There are lots of uses for a home phone. No, they are not like smartphones, but they have plenty of practical uses. Obviously you can call people on your home phone; that’s what a phone was invented to do.

Home Phone Benefits to Homeowners:

You need a landline for many burglar alarm systems to have a way to notify the police or fire department.

If you have a corded home phone, it will still work during a power outage thanks to the power company. However, a cordless home phone will not.

If you have small children, you can teach them to use the speed dial buttons on your home phone in case of emergencies.

Home Phone

You can screen your calls with a home phone. This is useful if a number is calling you that you do not recognize with emergency information about a friend or family member.

Miscellaneous Home Phone Benefits

Most television and internet companies need you to have a landline to set up their services.

Home phones tend to have much better reception than cell phones. Also, if a home phone breaks, it is much cheaper to replace than a cell phone.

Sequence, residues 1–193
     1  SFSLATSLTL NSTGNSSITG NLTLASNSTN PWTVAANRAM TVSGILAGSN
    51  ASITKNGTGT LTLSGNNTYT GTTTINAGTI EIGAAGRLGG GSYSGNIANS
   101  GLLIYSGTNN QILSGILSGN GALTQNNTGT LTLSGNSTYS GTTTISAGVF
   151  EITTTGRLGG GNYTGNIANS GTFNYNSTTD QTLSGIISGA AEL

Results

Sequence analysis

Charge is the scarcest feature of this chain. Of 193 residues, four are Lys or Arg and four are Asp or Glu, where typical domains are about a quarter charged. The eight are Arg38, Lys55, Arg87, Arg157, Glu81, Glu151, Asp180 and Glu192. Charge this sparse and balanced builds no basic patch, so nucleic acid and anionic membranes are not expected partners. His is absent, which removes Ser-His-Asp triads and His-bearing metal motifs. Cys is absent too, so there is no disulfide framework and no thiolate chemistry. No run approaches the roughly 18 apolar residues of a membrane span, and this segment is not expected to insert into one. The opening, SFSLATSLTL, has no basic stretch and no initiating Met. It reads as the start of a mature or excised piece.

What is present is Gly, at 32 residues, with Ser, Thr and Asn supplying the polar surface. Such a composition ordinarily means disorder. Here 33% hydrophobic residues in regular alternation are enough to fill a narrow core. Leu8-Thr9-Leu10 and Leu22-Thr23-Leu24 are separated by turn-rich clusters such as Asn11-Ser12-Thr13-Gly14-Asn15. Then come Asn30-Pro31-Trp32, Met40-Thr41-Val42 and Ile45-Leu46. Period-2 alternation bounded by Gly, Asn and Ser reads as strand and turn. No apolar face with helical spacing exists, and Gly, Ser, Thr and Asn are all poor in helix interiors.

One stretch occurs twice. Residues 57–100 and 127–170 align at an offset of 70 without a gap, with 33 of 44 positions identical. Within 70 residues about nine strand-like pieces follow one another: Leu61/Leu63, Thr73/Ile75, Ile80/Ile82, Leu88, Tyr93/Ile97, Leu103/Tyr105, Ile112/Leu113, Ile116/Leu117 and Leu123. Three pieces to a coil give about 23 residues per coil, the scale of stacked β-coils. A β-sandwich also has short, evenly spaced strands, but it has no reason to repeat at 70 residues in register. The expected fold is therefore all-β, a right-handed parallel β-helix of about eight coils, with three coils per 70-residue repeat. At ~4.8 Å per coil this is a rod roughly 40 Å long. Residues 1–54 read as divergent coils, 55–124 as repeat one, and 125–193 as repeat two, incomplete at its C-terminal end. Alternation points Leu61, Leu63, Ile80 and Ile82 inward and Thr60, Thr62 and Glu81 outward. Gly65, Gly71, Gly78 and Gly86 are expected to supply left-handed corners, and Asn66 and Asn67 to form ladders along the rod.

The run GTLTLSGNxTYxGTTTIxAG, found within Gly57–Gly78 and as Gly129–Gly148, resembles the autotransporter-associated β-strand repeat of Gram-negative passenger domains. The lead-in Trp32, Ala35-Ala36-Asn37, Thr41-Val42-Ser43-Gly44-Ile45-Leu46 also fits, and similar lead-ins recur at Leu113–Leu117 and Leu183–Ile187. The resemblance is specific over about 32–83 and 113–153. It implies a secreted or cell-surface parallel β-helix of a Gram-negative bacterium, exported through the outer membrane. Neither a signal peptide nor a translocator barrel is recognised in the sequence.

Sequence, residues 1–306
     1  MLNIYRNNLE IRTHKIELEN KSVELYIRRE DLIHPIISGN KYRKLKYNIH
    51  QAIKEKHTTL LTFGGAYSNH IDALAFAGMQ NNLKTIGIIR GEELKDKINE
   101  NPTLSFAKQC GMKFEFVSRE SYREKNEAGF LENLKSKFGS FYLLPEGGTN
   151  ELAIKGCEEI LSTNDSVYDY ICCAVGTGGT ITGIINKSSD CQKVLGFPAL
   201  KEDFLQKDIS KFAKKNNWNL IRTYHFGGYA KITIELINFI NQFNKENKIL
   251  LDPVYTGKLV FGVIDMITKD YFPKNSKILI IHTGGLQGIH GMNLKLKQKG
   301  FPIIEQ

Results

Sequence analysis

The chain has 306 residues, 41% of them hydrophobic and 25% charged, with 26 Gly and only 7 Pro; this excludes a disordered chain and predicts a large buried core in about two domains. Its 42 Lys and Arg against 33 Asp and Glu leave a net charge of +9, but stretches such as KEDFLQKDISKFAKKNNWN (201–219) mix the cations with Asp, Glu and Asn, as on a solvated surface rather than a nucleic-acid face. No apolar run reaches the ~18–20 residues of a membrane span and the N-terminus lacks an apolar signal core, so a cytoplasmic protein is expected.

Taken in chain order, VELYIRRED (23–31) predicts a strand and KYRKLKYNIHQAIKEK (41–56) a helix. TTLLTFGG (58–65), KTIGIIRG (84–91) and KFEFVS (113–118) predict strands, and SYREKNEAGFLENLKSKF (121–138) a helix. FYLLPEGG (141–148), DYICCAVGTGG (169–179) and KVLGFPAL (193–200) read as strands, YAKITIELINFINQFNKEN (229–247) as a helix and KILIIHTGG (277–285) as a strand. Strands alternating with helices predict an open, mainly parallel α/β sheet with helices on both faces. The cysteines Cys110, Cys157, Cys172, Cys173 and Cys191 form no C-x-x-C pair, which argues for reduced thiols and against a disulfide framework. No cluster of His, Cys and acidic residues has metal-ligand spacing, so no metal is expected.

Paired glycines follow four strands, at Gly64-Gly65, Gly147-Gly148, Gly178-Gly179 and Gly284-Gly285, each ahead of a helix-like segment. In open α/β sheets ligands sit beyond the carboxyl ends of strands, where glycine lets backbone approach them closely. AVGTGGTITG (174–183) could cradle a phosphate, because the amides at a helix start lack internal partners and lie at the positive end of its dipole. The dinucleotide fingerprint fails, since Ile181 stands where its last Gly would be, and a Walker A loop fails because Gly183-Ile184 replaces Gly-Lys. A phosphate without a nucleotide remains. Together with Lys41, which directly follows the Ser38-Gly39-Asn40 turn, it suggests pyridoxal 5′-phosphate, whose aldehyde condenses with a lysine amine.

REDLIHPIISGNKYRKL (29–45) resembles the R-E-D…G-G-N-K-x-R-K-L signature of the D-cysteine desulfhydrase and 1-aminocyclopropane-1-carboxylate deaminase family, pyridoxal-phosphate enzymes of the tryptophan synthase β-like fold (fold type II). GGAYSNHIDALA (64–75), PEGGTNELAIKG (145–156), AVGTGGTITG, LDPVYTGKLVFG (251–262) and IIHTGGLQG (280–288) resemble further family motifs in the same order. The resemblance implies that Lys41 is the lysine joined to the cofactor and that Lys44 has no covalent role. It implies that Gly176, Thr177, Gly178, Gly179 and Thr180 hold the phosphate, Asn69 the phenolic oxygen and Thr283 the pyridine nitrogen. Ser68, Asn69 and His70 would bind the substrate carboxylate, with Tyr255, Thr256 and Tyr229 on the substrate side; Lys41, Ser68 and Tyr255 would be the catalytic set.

Home Phone


If you lose or misplace your cell phone, you will have a home phone as back up until you can find or replace your cell phone.

Many phone companies offer inexpensive services for international calls. This is great if you have family in another country.

Even things like applying for a home loan, buying a car, or getting a bank account are a lot easier and quicker for the companies to verify your address and information with a home phone.

Emergency Calls

Home phones are best for in-home emergencies. If you call 911 from a cell phone, they will have to ask what address you’re at or where you are even if you’re at home. This takes valuable time, and if the emergency causes you duress, you may not have time to recite off your address. If you have a home phone, the 911 operator already knows where you are calling because your address is already linked to your landline. This saves lots of time in the event of an emergency. For whatever reason, if you do cannot say anything over the phone, the 911 operator will still send someone to your residence to help you because your home address is linked to your home phone number.

Home Phone

So if you’ve been considering getting rid of your home phone because everyone in your household already has a cell phone, you may want to think twice. Consider keeping your home phone because you never know when you might need it.

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What are Junk Fees?